Notice of Intent To Prepare an Environmental Impact Statement for the Proposed Lost Creek In Situ Uranium Recovery Project in Sweetwater County, WY, 7877-7878 [2011-3073]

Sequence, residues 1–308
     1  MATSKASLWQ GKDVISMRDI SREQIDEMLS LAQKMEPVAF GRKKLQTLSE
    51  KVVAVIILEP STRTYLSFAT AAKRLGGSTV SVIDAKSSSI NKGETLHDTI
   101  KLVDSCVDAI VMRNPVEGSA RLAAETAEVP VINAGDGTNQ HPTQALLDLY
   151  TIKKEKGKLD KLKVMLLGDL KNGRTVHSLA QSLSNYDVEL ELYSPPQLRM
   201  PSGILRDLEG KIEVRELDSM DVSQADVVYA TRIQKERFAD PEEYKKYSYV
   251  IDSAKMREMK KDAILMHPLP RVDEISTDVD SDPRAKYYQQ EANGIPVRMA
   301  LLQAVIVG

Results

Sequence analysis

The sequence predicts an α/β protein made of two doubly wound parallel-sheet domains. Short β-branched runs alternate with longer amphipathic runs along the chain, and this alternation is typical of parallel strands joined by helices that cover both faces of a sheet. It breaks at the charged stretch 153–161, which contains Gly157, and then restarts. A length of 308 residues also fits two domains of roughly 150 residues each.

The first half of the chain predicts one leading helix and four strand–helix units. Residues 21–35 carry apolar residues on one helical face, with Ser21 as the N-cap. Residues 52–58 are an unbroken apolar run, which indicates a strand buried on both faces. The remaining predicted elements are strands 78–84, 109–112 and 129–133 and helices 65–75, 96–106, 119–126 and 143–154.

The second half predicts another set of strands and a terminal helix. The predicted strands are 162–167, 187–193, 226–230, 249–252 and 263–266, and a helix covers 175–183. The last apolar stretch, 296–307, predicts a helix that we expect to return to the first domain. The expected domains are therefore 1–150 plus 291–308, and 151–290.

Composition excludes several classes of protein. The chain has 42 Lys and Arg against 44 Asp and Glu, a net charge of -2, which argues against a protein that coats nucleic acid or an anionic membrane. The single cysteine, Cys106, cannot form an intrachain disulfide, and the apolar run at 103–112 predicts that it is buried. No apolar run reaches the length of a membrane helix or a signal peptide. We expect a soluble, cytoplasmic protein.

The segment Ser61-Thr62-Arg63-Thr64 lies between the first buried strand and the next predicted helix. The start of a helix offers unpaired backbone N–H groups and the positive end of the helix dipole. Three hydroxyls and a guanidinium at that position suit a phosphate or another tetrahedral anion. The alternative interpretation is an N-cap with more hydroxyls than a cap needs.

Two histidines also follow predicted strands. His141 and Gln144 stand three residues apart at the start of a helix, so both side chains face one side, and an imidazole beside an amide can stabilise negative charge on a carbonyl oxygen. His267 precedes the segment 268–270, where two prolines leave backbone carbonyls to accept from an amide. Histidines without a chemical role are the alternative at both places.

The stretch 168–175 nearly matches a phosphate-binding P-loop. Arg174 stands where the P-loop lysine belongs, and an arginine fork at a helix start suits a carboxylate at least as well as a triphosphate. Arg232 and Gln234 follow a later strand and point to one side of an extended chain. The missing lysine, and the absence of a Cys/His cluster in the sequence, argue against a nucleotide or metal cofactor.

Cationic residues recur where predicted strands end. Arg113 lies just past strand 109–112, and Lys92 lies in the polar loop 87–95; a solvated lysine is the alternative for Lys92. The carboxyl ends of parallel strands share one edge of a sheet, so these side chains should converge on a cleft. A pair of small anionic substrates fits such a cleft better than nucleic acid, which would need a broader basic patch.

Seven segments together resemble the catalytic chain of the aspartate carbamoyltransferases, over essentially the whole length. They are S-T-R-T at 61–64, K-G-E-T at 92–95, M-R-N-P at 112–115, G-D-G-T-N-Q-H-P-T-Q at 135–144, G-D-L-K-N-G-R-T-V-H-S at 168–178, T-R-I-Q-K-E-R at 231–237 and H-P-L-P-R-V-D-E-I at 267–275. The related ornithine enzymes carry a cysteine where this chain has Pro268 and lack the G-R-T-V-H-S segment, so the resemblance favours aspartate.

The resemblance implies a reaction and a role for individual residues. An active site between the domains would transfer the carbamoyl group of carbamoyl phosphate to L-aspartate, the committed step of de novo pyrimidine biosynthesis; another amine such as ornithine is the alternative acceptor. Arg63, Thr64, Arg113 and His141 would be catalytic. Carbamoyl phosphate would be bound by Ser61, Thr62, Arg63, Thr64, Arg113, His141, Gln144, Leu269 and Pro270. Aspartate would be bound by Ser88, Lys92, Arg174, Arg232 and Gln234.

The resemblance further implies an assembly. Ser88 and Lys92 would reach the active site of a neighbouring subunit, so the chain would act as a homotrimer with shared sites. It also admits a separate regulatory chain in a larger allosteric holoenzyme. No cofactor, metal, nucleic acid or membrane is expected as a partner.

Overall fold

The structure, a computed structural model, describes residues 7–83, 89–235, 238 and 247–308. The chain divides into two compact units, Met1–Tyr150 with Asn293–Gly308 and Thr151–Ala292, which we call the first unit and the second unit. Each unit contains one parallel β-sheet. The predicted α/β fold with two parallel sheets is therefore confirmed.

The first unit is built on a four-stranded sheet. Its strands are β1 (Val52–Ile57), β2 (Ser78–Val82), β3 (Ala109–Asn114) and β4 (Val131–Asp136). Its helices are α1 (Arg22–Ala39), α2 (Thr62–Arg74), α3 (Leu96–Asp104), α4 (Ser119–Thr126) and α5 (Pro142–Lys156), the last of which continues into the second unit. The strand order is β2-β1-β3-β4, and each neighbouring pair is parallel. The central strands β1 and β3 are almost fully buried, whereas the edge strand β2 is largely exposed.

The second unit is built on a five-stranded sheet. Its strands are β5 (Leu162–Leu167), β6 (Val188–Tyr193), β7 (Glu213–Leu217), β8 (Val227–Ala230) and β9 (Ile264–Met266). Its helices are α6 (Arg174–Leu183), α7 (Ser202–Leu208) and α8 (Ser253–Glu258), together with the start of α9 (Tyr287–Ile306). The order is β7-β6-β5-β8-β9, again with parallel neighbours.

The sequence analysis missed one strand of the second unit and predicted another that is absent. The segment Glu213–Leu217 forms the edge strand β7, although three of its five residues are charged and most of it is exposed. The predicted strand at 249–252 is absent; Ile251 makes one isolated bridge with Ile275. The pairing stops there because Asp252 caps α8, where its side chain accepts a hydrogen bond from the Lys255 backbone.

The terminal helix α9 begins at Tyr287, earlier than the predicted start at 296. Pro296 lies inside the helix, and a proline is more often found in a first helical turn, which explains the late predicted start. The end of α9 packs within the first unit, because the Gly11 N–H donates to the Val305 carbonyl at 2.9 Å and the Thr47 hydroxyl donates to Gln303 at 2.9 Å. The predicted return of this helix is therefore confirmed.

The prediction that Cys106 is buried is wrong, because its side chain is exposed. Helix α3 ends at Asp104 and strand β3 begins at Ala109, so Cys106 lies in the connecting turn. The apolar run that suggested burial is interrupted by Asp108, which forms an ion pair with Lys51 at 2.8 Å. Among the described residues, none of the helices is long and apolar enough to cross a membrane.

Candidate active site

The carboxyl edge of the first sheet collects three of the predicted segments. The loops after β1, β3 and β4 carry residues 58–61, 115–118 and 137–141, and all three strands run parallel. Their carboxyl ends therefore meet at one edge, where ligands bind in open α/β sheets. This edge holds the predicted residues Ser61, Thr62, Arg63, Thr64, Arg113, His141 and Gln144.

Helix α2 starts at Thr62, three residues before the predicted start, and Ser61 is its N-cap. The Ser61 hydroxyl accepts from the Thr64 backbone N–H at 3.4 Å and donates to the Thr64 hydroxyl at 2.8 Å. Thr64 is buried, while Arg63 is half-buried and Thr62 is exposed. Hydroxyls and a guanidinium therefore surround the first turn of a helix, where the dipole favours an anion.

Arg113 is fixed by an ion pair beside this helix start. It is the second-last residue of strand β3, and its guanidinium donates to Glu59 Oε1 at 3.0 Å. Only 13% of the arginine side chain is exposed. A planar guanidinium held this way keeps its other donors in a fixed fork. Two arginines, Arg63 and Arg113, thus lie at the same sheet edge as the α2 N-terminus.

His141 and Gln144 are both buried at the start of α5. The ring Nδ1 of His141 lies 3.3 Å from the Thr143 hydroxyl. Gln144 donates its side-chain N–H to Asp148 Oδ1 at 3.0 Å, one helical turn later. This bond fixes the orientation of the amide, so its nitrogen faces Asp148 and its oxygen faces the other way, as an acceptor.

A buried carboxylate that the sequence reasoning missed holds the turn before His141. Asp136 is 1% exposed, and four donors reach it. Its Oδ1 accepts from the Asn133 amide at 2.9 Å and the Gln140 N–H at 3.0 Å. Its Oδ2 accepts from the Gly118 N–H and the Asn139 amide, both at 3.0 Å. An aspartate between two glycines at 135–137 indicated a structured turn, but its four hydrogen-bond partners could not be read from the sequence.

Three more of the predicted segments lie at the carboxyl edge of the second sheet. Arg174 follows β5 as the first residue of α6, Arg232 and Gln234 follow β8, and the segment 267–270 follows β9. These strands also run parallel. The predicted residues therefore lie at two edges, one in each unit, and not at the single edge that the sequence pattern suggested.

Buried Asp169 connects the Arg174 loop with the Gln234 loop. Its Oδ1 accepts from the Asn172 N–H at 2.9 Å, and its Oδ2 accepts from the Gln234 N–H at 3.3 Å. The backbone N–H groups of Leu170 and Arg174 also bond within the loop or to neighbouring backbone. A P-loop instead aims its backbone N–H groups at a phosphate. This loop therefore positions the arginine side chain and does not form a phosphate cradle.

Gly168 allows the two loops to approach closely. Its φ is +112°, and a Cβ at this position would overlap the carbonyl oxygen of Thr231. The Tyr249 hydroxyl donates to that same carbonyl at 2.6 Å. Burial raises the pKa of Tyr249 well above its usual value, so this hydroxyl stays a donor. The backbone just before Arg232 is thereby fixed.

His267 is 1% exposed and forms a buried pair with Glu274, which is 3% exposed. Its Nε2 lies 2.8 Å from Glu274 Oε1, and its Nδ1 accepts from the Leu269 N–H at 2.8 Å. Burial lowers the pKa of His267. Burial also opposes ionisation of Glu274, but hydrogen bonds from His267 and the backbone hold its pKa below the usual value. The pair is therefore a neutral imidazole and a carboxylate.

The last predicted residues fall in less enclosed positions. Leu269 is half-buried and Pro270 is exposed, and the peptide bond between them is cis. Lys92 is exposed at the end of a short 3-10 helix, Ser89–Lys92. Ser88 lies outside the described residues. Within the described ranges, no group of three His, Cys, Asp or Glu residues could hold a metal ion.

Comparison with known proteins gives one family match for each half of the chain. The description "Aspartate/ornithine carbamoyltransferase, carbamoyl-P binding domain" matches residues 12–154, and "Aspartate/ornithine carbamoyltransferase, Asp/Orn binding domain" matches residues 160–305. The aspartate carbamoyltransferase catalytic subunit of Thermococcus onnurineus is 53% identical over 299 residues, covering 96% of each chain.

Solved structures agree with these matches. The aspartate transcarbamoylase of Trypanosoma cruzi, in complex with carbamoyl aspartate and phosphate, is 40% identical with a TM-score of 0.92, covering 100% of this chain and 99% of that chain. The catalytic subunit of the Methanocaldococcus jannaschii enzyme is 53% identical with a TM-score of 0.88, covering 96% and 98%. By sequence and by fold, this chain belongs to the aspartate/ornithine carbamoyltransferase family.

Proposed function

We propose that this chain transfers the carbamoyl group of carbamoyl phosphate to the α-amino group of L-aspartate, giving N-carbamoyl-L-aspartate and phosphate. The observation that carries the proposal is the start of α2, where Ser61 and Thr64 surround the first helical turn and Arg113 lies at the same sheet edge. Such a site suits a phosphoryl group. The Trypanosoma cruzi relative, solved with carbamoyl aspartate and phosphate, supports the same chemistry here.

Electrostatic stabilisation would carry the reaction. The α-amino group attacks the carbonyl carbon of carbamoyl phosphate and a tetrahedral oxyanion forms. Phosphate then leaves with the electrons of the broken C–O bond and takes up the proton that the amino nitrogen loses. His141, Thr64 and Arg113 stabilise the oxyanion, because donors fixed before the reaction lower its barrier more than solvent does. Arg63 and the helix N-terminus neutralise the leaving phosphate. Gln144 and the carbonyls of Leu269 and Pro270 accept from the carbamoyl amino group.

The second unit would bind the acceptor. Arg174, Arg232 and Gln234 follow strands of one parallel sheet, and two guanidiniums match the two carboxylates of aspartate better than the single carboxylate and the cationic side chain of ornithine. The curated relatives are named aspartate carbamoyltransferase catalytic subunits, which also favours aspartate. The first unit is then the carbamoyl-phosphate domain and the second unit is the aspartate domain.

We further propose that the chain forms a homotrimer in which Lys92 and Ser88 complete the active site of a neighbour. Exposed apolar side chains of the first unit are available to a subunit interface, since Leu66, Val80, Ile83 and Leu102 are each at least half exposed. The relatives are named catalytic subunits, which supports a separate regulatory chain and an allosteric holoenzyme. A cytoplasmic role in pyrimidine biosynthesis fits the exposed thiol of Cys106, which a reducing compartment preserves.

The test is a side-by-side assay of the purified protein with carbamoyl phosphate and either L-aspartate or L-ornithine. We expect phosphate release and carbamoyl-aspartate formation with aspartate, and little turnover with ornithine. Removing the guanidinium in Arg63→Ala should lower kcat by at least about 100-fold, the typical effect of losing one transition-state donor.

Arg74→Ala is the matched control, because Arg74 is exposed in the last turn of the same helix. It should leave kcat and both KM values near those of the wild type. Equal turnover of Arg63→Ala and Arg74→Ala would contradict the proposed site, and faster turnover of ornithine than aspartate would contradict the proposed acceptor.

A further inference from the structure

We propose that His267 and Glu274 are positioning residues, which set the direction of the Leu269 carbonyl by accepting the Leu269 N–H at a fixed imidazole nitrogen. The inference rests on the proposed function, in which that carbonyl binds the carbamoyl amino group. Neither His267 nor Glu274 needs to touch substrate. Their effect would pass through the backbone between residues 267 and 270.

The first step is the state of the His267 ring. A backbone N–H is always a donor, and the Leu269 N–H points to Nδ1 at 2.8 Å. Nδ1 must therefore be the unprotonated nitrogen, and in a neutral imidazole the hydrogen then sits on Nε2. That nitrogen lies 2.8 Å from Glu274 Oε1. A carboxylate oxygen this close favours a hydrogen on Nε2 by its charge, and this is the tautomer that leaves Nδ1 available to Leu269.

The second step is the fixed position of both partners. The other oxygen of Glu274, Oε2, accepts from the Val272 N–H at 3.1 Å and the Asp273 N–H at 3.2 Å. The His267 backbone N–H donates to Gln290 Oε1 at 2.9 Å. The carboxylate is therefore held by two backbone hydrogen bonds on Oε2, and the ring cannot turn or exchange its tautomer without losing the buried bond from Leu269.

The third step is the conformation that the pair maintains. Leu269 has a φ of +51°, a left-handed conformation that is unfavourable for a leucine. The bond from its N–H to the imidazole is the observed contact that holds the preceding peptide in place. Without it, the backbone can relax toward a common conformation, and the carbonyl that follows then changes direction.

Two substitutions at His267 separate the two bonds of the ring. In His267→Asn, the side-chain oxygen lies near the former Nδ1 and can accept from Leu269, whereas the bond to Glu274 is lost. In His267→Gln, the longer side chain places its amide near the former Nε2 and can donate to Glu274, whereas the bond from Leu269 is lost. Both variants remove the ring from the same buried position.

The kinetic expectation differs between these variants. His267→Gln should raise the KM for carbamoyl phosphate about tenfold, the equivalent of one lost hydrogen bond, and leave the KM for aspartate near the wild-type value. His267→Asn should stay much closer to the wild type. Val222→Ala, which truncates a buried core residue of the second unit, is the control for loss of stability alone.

Download as PDF jlentini on DSKJ8SOYB1PROD with NOTICES Federal Register / Vol. 76, No. 29 / Friday, February 11, 2011 / Notices Draft Environmental Assessment We are announcing the availability of a draft Environmental Assessment (EA) that was prepared to evaluate potential environmental effects associated with our authorization or denial of IDFG’s proposal to lethally take wolves in the Lolo Zone in an effort to reduce wolf populations to a minimum of 20 to 30 wolves in 3 to 5 packs and reduce predation pressure on the elk population in that zone. A No Action and Preferred Action are described, and the environmental consequences of each alternative are analyzed. No-Action Alternative (Deny Requested Authorization). Under the No-Action Alternative, the Service would deny IDFG’s 10(j) proposal to remove wolves in the Lolo Elk Management Zone, and current management direction for wolves would continue. In the Lolo Elk Management Zone, wolves would be managed by the Service or their designated agent and could be removed when livestock, stock animals, or dogs are killed by wolves as currently provided for in the 2008 10(j) rule (73 FR 4720, January 28, 2008). The No-Action Alternative management strategy would not include lethal removal of wolves in response to predation on wild ungulate populations. The No-Action Alternative would continue to allow management activities by State and Tribal governments to address major causes of elk declines other than wolf predation. Past management activities have included changes in elk hunting seasons and harvest strategies, changes in black bear and mountain lion seasons to address low calf survival, and efforts to improve elk habitat. These management activities would not be affected under the NoAction Alternative. Preferred Alternative (Approve Requested Authorization). Under the preferred alternative, the Service would approve the IDFG 10(j) proposal to remove wolves in the Lolo Elk Management Zone to reduce wolf predation on elk populations over a 5year period. This alternative would provide an adaptive management strategy to reduce the wolf population. Wolves would be removed to manage for a minimum of 20 to 30 wolves in 3 to 5 packs. Based on the 2009 year-end wolf population estimate of 76 wolves residing in the Lolo Elk Management Zone, the initial removal is estimated to be a minimum of 40 to 50 wolves. Levels of wolf removal in subsequent years are expected to be lower, and would be based on wolf population monitoring. Management activities would be intended to protect the elk VerDate Mar<15>2010 18:55 Feb 10, 2011 Jkt 223001 population in the Lolo Elk Management Zone while maintaining wolf populations that meet recovery objectives. This alternative includes monitoring both wolf and elk populations yearly to determine elk response to the implementation of management activities and whether adaptive changes in wolf removal are needed based on yearly monitoring results. Wolf removal would be accomplished by IDFG personnel and other approved agents of the State of Idaho. Wolves that inhabit the Lolo Elk Management Zone would be targeted for removal. Removal would be accomplished using legal means approved by the Service under provisions of the Service’s 2008 10(j) rule. Wolf control will occur through shooting from aircraft or from the ground, or by capture with foothold traps or snares followed by euthanasia. IDFG is not proposing to use poison or other chemical means to control wolves. The goal of the removal would be to reduce pack sizes and, when appropriate, to remove entire packs. The primary removal effort would occur during the winter months. Most wolf control would occur on U.S. Forest Service lands outside of designated wilderness. IDFG is not proposing to use aircraft to remove wolves from within designated wilderness. Wolf carcasses would be recovered from the field, when possible, and processed for collection of biological data. Hides and skulls would be used for educational purposes. Next Steps After the comment period ends, we will analyze comments received and determine whether to: (1) Prepare a final EA and Finding of No Significant Impact and authorize lethal take of wolves in the Lolo Zone under section 10(j) of the ESA in response to wolf impacts on elk populations, (2) reconsider our preferred alternative and deny IDFG’s proposal, or (3) determine that an Environmental Impact Statement should be prepared prior to authorizing or denying IDFG’s proposal. Public Availability of Comments Before including your address, phone number, e-mail address, or other personal identifying information in your comment, you should be aware that your entire comment—including your personal identifying information—may be made publicly available at any time. While you can ask us in your comment to withhold your personal identifying information from public review, we cannot guarantee that we will be able to do so. PO 00000 Frm 00071 Fmt 4703 Sfmt 4703 7877 Authorities The Environmental Review of this project will be conducted in accordance with the requirements of the National Environmental Policy Act (NEPA) of 1969, as amended (42 U.S.C. 4321 et seq.): NEPA Regulations (40 CFR parts 1500–1508); other appropriate Federal laws and regulations; Executive Order 12996; and Service policies and procedures for compliance with those laws and regulations. Dated: February 4, 2011. Theresa E. Rabot, Acting Regional Director, U.S. Fish and Wildlife Service, Portland, Oregon. [FR Doc. 2011–3064 Filed 2–10–11; 8:45 am] BILLING CODE 4310–55–P DEPARTMENT OF THE INTERIOR Bureau of Land Management [LLWYD03000. L51100000. GN0000. LVEMK10CW580] Notice of Intent To Prepare an Environmental Impact Statement for the Proposed Lost Creek In Situ Uranium Recovery Project in Sweetwater County, WY Bureau of Land Management, Interior. ACTION: Notice of intent. AGENCY: In compliance with the National Environmental Policy Act (NEPA) of 1969, as amended, and the Federal Land Policy and Management Act of 1976, as amended, the Bureau of Land Management (BLM) Rawlins Field Office, Rawlins, Wyoming, intends to prepare an Environmental Impact Statement (EIS) and by this notice is announcing the beginning of the scoping process to solicit public comments and identify issues. DATES: This notice initiates the public scoping process for the EIS. Comments on issues may be submitted in writing until March 14, 2011. The date(s) and location(s) of any scoping meetings will be announced at least 15 days in advance through local media, newspapers and the BLM Web site at: http://www.blm.gov/wy/st/en/info/ NEPA/rfodocs/lostcreek.html. In order to be included in the Draft EIS, all comments must be received prior to the close of the scoping period or 15 days after the last public meeting, whichever is later. We will provide additional opportunities for public participation upon publication of the Draft EIS. ADDRESSES: You may submit comments related to the Lost Creek In Situ SUMMARY: E:\FR\FM\11FEN1.SGM 11FEN1 7878 Federal Register / Vol. 76, No. 29 / Friday, February 11, 2011 / Notices Recovery Project by any of the following methods: • Web site: http://www.blm.gov/wy/ st/en/info/NEPA/rfodocs/lostcreek.html; • E-mail: Lost_Crk_Mine_WY@blm.gov; • Fax: (307) 328–4224; or • Mail: Rawlins Field Office, Attention: Eldon Allison, 1300 North Third Street, P.O. Box 2407, Rawlins, Wyoming 82301–2407. Documents pertinent to this proposal may be examined at the Rawlins Field Office. FOR FURTHER INFORMATION CONTACT: For further information and/or to have your name added to our mailing list, contact Eldon Allison, Team Leader, telephone (307) 328–4267; address 1300 North Third Street, P.O. Box 2407, Rawlins, Wyoming 82301–2407; e-mail Eldon_Allison@blm.gov. The applicant Lost Creek ISR LLC (Lost Creek) has filed a plan of operations pursuant to the 43 CFR subpart 3809 regulations to construct an ore recovery plant, an access road to the site, and a pipeline system for the flow of oxidizing leach solution to injection wells and return of fluids from recovery wells to the recovery plant site; to drill injection, recovery and monitoring wells; and to construct associated facilities such as parking lots, power lines, etc. Development and recovery of the uranium consists of dissolving underground uranium-bearing minerals into solution and then bringing it to the surface facility for concentration. The Lost Creek ISR project is located about 40 miles northwest of Rawlins, Wyoming, in Sweetwater County. More specifically, the project is located in sections 16–20, 29–31, T. 25 N., R. 92 W., and sections 13, 24, and 25, T. 25 N., R. 93 W. The project area boundary includes approximately 4,250 acres, but no more than 324 acres would be subjected to actual surface disturbance and would be approved by the BLM. Most of the surface disturbance would be related to construction of the well pads used to extract the uranium in solution from the site. Construction would occur year round. The plant site would comprise approximately 10 acres, including parking space for about 50–60 employees. Multiple subsurface ore bodies range in depth from about 300– 700 feet below the surface. Each of the six separate cells containing uranium would be established and mined one at a time. It is expected that mining operations would last about 8 years. An estimated additional 3 years would be required for startup and closure of the site for a total project length of 11 years. jlentini on DSKJ8SOYB1PROD with NOTICES SUPPLEMENTARY INFORMATION: VerDate Mar<15>2010 18:55 Feb 10, 2011 Jkt 223001 A proposed final reclamation plan for the project area has been submitted. All surface facilities would be removed when the project is completed and the land re-contoured to near predisturbance condition and re-vegetated. In conjunction with this proposal, Lost Creek has also applied for a material source license from the Nuclear Regulatory Commission (NRC). The NRC is in the process of conducting its own environmental review and has released a draft Supplemental EIS. BLM may decide it is appropriate to incorporate by reference into its own EIS all or part of the NRC’s Supplemental EIS once it is complete. In 2009, the BLM and the NRC entered into a memorandum of understanding to foster greater cooperation between the agencies with regard to the development of uranium resources on public lands. The purpose of the public scoping process is to determine relevant issues that will influence the scope of the environmental analysis, including alternatives, and guide the process for developing the EIS. At present, the BLM has identified the following preliminary issues: 1. What standard operating procedures, best management practices or mitigation measures are necessary to reduce impacts from mineral resource exploration and development? 2. How will access to and transportation across the BLM lands be influenced by project facilities? 3. Will changes to recreation and offhighway vehicle management be necessary to protect the safety of public land users? 4. How will project activities affect wildlife or wildlife habitat including threatened, endangered, candidate, and sensitive species? 5. What effects to vegetation (including noxious and invasive species) might be expected from project development? 6. Will special project considerations be necessary to protect cultural resources? 7. Will the project facilities change wildland fire management response? 8. Will the project affect livestock grazing? 9. What project facilities will influence visual resource management? 10. Will project development affect air and water quality? 11. Will project development affect groundwater quality and quantity? The BLM will utilize and coordinate the NEPA commenting process to satisfy the public involvement process for section 106 of the National Historic Preservation Act (16 U.S.C. 470f) as provided for in 36 CFR 800.2(d)(3). PO 00000 Frm 00072 Fmt 4703 Sfmt 4703 Native American Tribes in the project area were consulted regarding the proposed project in conjunction with the NRC environmental review process, which resulted in an agreement among certain Tribes, BLM, NRC, and the State Historical Preservation Office. The BLM has invited three Tribes to be cooperating agencies in its EIS process. Any additional Native American Tribal consultations will be conducted in accordance with policy, and Tribal concerns will be given due consideration, including impacts on Indian trust assets. Federal, State, and local agencies, and Native American Tribes, along with other stakeholders that may be interested in or affected by the BLM’s decision on this project, are invited to participate in the scoping process and, if eligible, may request or be requested by the BLM to participate as a cooperating agency. Before including your address, phone number, e-mail address, or other personal identifying information in your comment, you should be aware that your entire comment—including your personal identifying information—may be made publicly available at any time. While you may ask us in your comment to withhold your personal identifying information from public review, we cannot guarantee that we will be able to do so. Authority: 40 CFR 1501.7. Donald A. Simpson, State Director. [FR Doc. 2011–3073 Filed 2–10–11; 8:45 am] BILLING CODE 4310–22–P DEPARTMENT OF THE INTERIOR Bureau of Land Management [LLWYR01000 L54400000.EQ0000; LVCLK09K0760] Notice of Availability of the Final Environmental Impact Statement for the Westside Land Conveyance Project, Washakie and Big Horn Counties, WY Bureau of Land Management, Interior. ACTION: Notice of availability. AGENCY: In accordance with the National Environmental Policy Act (NEPA) of 1969, as amended, and the Federal Land Policy and Management Act of 1976, as amended, the Bureau of Land Management (BLM) has prepared a Final Environmental Impact Statement (FEIS) for the Westside Land Conveyance Project and by this notice is announcing its availability. SUMMARY: E:\FR\FM\11FEN1.SGM 11FEN1